After acne: dealing with post-inflammatory hyperpigmentation (PIH)
After an acne flare, many patients find themselves plagued by brownish or purple spots on the skin. Unlike scars, which are either raised or indented areas due to changes in the skin's collagen, these are flat discolorations where blemishes once were. This common condition is known as Post Inflammatory Hyperpigmentation (PIH) and is a direct result of the body trying to protect a healing patch of skin by increasing melanin production.
The good news is PIH will eventually go away, even if left untreated. Since these spots are caused by melanin production, the affected skin will shed like all skin cells. On its own, PIH will generally resolve within two years. With intervention, patients no longer have to wait. An effective skincare routine and working with a dermatologist can expedite this process and improve results.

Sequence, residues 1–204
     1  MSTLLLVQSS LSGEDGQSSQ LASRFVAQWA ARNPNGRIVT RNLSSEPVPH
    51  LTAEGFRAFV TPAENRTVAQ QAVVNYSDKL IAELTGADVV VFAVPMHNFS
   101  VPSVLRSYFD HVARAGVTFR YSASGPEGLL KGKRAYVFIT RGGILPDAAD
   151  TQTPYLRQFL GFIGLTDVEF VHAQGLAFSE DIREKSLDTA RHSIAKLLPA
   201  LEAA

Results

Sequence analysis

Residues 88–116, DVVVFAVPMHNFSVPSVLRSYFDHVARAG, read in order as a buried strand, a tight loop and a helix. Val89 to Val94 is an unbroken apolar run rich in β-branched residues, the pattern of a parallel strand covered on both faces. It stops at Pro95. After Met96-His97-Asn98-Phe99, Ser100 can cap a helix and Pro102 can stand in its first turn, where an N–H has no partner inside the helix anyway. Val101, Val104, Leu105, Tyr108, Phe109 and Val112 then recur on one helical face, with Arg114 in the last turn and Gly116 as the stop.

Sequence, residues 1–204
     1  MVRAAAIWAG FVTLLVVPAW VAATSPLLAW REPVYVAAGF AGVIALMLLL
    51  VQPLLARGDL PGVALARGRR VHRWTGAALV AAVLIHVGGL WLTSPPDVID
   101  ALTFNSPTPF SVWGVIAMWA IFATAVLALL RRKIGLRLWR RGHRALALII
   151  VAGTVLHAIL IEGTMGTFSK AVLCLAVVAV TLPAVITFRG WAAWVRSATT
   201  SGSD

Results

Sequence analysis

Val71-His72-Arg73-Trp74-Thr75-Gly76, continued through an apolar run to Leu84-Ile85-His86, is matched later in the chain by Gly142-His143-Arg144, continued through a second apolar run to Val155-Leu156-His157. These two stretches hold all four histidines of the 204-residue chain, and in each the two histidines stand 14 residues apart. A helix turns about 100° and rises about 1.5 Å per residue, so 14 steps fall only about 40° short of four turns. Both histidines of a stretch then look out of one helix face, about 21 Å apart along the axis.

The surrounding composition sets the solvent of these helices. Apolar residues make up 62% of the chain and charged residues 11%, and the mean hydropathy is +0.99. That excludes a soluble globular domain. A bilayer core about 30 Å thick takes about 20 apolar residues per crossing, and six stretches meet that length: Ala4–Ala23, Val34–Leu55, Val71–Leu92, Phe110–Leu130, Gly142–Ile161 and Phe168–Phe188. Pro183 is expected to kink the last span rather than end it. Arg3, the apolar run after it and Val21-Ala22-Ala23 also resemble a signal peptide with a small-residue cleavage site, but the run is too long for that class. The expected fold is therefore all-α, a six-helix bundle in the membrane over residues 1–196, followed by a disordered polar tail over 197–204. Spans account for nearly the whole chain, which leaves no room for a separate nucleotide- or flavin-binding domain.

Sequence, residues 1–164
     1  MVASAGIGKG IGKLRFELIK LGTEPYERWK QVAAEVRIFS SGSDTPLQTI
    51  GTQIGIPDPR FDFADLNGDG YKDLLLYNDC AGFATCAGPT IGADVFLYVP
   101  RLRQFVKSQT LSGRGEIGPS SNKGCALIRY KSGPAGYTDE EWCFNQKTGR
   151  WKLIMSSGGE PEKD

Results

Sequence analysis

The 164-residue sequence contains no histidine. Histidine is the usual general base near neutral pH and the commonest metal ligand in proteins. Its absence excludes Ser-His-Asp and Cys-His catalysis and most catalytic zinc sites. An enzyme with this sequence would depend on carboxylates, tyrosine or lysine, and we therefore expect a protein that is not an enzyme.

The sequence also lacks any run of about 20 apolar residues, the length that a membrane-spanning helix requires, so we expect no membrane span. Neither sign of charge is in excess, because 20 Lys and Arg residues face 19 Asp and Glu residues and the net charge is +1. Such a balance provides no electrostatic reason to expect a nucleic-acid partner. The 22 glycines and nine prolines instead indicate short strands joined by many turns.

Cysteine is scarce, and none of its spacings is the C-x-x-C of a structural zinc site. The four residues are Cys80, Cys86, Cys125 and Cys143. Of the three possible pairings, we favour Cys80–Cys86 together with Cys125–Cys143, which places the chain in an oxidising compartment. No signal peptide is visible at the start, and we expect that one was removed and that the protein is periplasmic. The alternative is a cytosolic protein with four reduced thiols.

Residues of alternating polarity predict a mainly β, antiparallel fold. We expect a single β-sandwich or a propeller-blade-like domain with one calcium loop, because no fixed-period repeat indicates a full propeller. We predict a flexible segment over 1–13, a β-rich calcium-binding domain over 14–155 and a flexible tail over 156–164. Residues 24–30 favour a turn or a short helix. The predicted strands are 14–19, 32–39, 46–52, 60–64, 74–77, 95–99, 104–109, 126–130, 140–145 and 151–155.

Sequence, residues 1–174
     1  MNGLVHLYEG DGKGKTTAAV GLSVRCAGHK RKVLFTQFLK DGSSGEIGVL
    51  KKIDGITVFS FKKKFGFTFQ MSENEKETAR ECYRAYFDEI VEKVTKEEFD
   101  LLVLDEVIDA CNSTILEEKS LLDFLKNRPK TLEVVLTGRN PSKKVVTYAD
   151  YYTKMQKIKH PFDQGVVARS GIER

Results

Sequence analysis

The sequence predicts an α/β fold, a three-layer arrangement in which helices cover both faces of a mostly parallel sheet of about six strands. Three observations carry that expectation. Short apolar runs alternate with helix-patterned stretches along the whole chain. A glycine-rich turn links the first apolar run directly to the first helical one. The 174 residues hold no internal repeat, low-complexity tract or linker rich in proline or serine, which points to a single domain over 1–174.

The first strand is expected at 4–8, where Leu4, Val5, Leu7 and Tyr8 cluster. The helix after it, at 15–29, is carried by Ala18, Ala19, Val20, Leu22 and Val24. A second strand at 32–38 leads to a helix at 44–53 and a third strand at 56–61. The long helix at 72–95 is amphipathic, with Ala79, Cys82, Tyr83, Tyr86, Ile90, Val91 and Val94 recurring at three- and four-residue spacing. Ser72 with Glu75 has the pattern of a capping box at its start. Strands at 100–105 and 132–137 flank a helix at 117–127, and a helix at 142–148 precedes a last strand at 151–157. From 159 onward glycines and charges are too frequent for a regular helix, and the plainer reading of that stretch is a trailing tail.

The first step in eliminating PIH is to stop further discoloration of the skin. Because PIH is caused by an increase in melanin production, it's critical to apply sunscreen throughout the day and to take physical precautions like wearing a hat and avoiding outdoor exposure during peak hours of 10 am – 2 pm.
Next is to exfoliate the skin. Exfoliation allows for accelerated and even shedding of hyper-pigmented areas – speeding up clearing time. A dermatologist can help determine if a chemical exfoliant like an alpha hydroxy acid or a stronger chemical peel is appropriate. Proceeding with caution is essential. Damaging the skin can result in additional PIH and other severe skin issues.
Finally, there are specific treatments a dermatologist can recommend to increase skin cell turnover, therefore, breaking up excess melanin. Prescription retinoids are especially effective and have shown significant promise in clinical trials.
Post Inflammatory Hyperpigmentation can be reduced or prevented by treating acne when it starts. Working with a dermatologist is the best defense against this and other forms of skin damage.